After an array of previous successful albums and winning the Polaris Music Prize in 2007 with the album Close to Paradise, Patrick Watson perhaps sensed a gap in the market this year when deciding to write Love Songs for Robots.
Although this unusual title prepares you up for warped vocals, non-stop synthesizer and (arguably) a bit of a headache, any apprehension is extinguished as soon as the album begins. The beginning track “Love Songs for Robots” immediately draws you in with an encompassing, eerie atmosphere before classic Patrick Watson (referring to the lead singer and the band) vocals creep up on you along with a subtle electronic feel, engulfing listeners from the very first note.
There is no time to recover as whining guitar then thrusts listeners into the next track “Good Morning Mr Woolf” which certainly wakes you up, before proceeding to chill you back down. This rollercoaster of varying instruments and styles continues throughout the album before ending in style on the more upbeat “Places You Will Go”. Rocky drumbeat, twanging guitar and less of a whispered vocal begins the final track before the haunting, dreamlike atmosphere that began the album seeps back in and finishes the album in a similar manner to how it began.
Love Songs for Robots is perhaps the deepest Watson has gone into electronic type genres after previous experimentation in other albums such as Just Another Ordinary Day, with it adding a slight variety and welcomed new style to this album. Although definitely remaining in Patrick Watson territory, fans may be disappointed if they were hoping for the purely instrumental style that dominated many previous albums, however it must be stressed that although delving deeper into electronica, Watson is definitely still at the shallow end.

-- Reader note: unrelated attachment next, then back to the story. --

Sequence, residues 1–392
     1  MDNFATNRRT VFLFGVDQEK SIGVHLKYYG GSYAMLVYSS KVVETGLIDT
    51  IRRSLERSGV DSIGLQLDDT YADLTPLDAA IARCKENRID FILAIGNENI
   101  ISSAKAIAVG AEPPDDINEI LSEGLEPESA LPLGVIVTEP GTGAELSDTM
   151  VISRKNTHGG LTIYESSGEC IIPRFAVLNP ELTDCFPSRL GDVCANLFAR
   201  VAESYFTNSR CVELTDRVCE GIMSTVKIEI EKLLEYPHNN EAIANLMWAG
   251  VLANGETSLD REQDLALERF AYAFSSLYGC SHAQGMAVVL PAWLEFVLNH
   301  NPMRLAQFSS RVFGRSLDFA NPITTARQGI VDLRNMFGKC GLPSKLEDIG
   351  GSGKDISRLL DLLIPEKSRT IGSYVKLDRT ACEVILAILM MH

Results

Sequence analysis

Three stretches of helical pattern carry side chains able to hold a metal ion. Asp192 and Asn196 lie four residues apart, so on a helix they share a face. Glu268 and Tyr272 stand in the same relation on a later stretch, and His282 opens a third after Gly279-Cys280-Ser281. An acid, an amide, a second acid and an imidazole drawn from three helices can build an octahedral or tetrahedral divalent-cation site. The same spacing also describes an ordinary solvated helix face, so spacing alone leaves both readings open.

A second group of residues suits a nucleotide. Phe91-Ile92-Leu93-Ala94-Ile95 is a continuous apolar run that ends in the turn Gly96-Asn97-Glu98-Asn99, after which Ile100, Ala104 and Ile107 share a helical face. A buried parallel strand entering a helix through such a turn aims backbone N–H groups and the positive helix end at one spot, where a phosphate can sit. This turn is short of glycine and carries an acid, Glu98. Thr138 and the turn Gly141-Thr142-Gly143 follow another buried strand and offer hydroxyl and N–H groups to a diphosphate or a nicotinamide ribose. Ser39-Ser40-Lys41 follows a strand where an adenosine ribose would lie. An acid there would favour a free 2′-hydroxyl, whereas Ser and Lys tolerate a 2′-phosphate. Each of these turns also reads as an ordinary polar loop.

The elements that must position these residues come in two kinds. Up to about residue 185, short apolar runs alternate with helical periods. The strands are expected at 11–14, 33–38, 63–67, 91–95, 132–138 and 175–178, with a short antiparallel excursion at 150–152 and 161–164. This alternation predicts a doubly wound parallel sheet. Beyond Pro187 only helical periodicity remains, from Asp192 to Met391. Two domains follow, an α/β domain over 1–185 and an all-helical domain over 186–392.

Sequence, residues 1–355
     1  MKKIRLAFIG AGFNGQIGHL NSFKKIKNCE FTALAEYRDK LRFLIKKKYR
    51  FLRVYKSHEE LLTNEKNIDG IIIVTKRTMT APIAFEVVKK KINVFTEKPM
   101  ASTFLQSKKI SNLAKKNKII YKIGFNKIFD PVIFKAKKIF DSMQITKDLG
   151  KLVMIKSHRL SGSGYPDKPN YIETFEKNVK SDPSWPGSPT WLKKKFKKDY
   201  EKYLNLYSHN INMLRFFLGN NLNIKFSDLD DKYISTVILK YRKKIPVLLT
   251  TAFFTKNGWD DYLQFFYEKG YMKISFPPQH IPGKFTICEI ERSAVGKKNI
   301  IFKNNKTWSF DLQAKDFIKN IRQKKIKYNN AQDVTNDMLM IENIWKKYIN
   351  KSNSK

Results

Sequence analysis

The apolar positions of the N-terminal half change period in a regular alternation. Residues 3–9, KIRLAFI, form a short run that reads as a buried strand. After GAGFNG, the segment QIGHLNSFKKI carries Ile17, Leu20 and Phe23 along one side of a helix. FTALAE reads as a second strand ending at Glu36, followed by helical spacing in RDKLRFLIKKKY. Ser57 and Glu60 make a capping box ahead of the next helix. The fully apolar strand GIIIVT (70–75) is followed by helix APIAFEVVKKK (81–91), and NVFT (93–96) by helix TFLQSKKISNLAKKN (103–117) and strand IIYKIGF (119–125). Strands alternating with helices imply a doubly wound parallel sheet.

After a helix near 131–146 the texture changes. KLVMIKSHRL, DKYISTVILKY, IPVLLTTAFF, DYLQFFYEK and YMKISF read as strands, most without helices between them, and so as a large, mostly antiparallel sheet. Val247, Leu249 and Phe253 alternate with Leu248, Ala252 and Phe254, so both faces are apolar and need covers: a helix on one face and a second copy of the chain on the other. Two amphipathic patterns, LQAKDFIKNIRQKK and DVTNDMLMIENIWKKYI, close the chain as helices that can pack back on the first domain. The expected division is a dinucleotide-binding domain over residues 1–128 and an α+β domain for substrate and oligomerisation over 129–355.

The most notable aspect of the music is the band’s skill in maintaining a constant sound and theme to the album as a whole whilst still producing tracks with enough substance to stand alone. Arguably an album of ‘back ground music’ somehow Watson manages to stray from this, creating an album that draws you in and makes you want to stop what you are doing and sit and listen. Constantly varying instruments and styles to ensure no two songs are the same, with the use of guitar and piano, along with breathy, gentle vocals and good quality synthy goodness, the whole sound cannot be described as anything other than beautiful.
Contrary to the impression of the album title, an abundance of introspective and emotion filled lyrics feature throughout, although you will have to listen closely to make them out. Stand out tracks include “Bollywood” and “Places You Will Go” with a personal favourite being “In circles” featuring gentle piano music and layers of sound which have been constructed brilliantly, leaving you feeling like you are floating on a cloud.
Current fans of the Canadian singer-songwriter and his band will most likely greet this ten track album with the enthusiasm it deserves and those who are newbies to the Watson fan club I’m sure will be happy to add a sprinkling to their playlist. However, is the album soul-wrenching, earthquake producing, “I’ll never listen to another album again” material? No, but as a relaxing musical experience Watson has done a brilliant job. I’m sure having your soul wrenched is overrated anyway.